SWITZERLAND / NICARAGUA – The arbitrary shutdown of hundreds of civil society organisations in Nicaragua is deeply concerning and would have a chilling effect on activists and human rights defenders across the country, UN experts* warned today.
In a letter addressed to the Nicaraguan government on Monday, UN experts said the cancellation of the legal personality of hundreds of associations “represents a clear pattern of repressing civic space.”
The experts echoed a statement by the UN High Commissioner for Human Rights earlier this year regarding the crackdown on civil society in Nicaragua.
They expressed shock about the wide extent of the shutdowns by the National Assembly at the request of the Government. They counted the closure of more than 700 organisations, 487 of them only in the past month.
Even though the closure of civic space has been observed since the political unrest in 2018, the closure of organisations has accelerated as a result of a 2020 Law on Foreign Agents and a 2022 Law on Regulation and Control of Non-Profit Organizations (NPO), which was recently enforced.
Ahead of the NPO Law entering into force in May, the experts provided their legal analysis and expressed their concerns. Specifically, the NPO Law imposes burdensome administrative and registration procedures, the disclosure of data of beneficiaries, and significantly restricts foreign funding. To date, the experts have not received a response to their observations.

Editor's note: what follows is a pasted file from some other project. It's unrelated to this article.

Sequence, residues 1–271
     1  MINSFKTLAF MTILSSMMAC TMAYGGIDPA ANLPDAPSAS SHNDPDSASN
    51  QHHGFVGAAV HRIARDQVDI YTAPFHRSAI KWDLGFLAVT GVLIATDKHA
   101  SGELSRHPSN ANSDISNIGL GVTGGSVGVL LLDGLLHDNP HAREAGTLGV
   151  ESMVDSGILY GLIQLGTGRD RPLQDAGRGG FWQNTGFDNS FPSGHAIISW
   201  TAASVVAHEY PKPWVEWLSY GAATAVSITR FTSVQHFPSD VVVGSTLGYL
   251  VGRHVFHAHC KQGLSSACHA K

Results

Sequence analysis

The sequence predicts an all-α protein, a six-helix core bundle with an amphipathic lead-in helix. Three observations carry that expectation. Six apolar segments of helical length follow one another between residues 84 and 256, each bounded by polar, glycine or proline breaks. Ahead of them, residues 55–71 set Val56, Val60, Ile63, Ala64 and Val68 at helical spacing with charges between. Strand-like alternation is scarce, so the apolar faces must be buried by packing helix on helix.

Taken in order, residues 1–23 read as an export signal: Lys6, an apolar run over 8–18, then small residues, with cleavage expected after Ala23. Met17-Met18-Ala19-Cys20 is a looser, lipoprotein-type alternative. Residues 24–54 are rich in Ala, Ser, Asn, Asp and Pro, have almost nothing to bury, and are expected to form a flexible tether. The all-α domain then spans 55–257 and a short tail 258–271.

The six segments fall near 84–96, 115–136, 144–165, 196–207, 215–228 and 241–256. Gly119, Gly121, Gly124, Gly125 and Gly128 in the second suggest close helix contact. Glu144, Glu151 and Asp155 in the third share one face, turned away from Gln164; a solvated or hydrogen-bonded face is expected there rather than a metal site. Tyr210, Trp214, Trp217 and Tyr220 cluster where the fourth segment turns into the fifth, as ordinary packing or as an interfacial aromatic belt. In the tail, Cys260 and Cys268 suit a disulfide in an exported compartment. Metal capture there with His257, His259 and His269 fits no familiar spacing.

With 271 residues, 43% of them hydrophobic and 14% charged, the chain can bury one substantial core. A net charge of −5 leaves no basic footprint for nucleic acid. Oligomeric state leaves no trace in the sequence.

“We regret to see that, once again, counter-terrorism and anti-money laundering legislation is being misused to unnecessarily and disproportionately restrict the activities of civil society and fundamental freedoms,” the experts said, pointing to a global trend.
They said the shutdowns have not only affected human rights organisations, including those working towards the rights of women and indigenous people, but also those that promote democratic values and counter the negative effects of climate change.
The shutdowns also impact associations that provide humanitarian aid and medical services as well as educational, cultural and artistic institutions, and religious foundations.
“This situation will have even more devastating consequences for marginalised individuals and groups who rely on those services for their survival, for instance, rural and indigenous communities, children and youth, women, migrants and asylum seekers,” the experts said.
The UN experts expressed concern about the deterring effect that these shutdowns have on members of civil society. Hundreds of activists have already fled the country and sought refuge in neighbouring States due to fear of reprisals, they said.
“We urge the State to abstain from further closures and immediately reverse these severe restrictions on associations. A functioning, well-established and diverse civic and political space is key in any democratic country,” the experts said.